Idaho’s unemployment rate has ticked up slightly for the second straight month, adding a tenth of a percentage point to reach 4.0 percent.
Although Idaho actually added 1,400 jobs on a seasonally-adjusted basis, economic growth caused 2,300 people to re-enter the labor force, which netted the slight increase in unemployment numbers. Compared to last year, unemployment has decreased by nine-tenths of a percentage point in Idaho and nonfarm payroll has increased by 23,000 jobs. Nationally, the employment situation improved considerably as the unemployment rate dropped two-tenths of a percentage point to 5.3 percent.
Unemployment continues to rise in rural areas of Idaho as jobs move to urban centers. Unemployment rates in the Idaho Falls and Boise metropolitan statistical areas were lower than the statewide average, standing at 3.6 and 3.8 percent respectively. The state’s highest unemployment rate in June was 7.6 percent in rural Adams County. This is evidence of the changing makeup of Idaho’s employment. In the last year, the largest job increases have come in the construction, education and health, and trade industry groups—most of which are centered in urban areas. While farming, ranching, and other rural activities will always be part of Idaho’s employment base, they are likely to make up a smaller portion as time goes on.
U.S. Consumer Price Index
The national Consumer Price Index (CPI) released by the Bureau of Labor Statistics increased 0.4 percent from May to June on a non-seasonally-adjusted basis, and has grown 0.1 percent over the past twelve months. The CPI’s growth resulted from increases in several categories, including gasoline, shelter, and food.
Gasoline, electricity, and natural gas all increased in price going into the peak of summer. Despite rising energy prices the past few months, the energy index has still declined 15.0 percent over the past year. Food price increases were at least partly expected as avian flu has impacted poultry and egg production throughout the Midwest. The food index posted its largest increase since September 2014, reflecting the sharp increase in egg prices.
Economists often use the “core CPI” index—all items less food and energy—to measure changes in prices nationally. The core CPI shows actual growth or decline more accurately because it eliminates the volatility of the energy and food indexes. In June, the core CPI rose 0.2 percent. The main contributors to this increase were recreation, airline fares, personal care products, tobacco, and new vehicles. Other indexes saw declining prices: medical care, household furnishings and operations, used cars and trucks, and apparel. The national CPI registered an annual increase for the first time since December, and rose 0.1 percent over the past 12 months.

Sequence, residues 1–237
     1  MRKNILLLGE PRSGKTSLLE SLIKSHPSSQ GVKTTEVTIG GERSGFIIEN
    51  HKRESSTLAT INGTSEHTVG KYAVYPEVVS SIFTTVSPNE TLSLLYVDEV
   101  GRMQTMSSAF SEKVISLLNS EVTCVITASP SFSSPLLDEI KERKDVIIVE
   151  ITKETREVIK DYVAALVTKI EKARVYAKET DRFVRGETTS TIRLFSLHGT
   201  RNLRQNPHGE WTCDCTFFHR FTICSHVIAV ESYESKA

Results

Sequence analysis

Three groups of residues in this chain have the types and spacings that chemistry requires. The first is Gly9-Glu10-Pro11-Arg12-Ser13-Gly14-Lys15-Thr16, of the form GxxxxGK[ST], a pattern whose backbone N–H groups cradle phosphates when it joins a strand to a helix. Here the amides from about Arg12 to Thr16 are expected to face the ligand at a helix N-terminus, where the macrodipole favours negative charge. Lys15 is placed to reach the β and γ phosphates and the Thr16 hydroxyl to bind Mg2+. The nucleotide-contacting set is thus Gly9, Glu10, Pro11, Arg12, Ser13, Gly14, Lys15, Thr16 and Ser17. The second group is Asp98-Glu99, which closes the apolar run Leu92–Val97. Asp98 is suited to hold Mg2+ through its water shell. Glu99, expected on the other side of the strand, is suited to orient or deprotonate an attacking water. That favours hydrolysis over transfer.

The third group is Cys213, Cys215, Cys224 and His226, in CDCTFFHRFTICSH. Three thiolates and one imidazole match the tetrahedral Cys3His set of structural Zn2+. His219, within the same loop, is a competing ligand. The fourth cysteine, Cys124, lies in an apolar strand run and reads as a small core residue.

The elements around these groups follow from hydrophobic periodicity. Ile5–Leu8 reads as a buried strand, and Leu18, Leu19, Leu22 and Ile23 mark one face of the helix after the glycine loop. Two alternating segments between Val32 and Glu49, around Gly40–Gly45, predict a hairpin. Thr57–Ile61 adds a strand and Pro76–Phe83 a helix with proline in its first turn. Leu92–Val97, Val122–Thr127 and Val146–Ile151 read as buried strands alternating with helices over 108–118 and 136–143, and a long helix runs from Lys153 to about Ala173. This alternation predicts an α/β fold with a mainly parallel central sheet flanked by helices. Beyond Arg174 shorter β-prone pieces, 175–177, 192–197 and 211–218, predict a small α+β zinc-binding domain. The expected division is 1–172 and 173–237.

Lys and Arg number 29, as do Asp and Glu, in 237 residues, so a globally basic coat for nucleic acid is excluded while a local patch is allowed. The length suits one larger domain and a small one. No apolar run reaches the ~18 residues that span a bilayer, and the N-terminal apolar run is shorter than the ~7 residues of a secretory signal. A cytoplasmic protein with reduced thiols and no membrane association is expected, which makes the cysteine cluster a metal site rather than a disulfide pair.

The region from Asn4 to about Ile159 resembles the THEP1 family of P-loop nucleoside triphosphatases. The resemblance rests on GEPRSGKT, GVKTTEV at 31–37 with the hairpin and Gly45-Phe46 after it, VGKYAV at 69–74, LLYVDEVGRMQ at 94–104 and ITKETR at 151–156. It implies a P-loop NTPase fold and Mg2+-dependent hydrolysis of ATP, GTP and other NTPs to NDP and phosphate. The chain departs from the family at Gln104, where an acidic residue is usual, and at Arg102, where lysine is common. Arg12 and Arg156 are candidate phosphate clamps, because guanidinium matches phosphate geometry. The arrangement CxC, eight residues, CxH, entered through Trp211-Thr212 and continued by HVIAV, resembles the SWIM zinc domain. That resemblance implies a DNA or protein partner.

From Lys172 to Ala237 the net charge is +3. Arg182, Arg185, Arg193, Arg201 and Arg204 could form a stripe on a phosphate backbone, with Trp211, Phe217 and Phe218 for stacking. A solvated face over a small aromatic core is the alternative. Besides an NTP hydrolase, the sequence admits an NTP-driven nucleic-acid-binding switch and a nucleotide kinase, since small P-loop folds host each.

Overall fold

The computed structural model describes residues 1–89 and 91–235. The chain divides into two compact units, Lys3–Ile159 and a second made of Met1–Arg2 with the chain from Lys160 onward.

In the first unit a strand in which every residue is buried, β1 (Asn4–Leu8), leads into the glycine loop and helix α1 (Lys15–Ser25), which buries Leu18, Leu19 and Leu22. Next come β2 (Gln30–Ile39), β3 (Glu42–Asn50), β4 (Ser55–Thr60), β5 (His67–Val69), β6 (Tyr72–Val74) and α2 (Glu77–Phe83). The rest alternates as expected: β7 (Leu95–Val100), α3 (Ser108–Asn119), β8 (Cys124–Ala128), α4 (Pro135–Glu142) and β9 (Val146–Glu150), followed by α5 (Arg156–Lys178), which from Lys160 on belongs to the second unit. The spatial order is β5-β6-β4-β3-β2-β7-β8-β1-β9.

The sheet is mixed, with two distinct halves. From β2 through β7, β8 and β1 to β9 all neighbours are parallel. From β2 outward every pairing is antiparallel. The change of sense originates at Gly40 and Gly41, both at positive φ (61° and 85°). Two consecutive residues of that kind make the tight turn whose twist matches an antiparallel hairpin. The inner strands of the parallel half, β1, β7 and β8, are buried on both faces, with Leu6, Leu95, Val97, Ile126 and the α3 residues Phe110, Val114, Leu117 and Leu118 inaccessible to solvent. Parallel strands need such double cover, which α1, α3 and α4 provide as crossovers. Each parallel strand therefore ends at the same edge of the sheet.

U.S. Consumer Confidence Index
The U.S. Consumer Confidence Index (CCI) declined in July after improving in June. The Index dropped 8.9 points to 90.9. Both sub-indexes of the CCI declined in July, contributing to the sharp drop. Consumer confidence has fluctuated in recent months, increasing and decreasing almost every other month. Despite the fluctuations, the CCI has averaged about 95 points over the past twelve months, indicating that the United States has been in a period of economic recovery and growth.
The Present Situation Index, the sub-index of the CAI that measures how consumers feel about current economic conditions, decreased 2.9 points to 107.4 in July. Confidence in the present situation is derived from two measures: sentiment regarding current business conditions and sentiment regarding job availability. Consumers who say business conditions are “good” decreased from 26.1 percent in June to 24.2 percent in July. Consumers were also slightly less positive about job availability. Those stating that jobs are “plentiful” decreased from 21.3 percent to 20.7 percent.
The Expectations Index experienced a sharp decline from June to July, dropping 12.9 points to 79.9. The percentage of consumers who expect business conditions to improve over the next six months dropped 3.2 points to 14.7 percent. Expectations for the labor market in the next six months also declined. Those anticipating more jobs in the coming months decreased 4.0 points to 13.1 percent. Consumers expecting a bump in their household income also declined but only slightly, edging from 17.6 to 17.0 percent.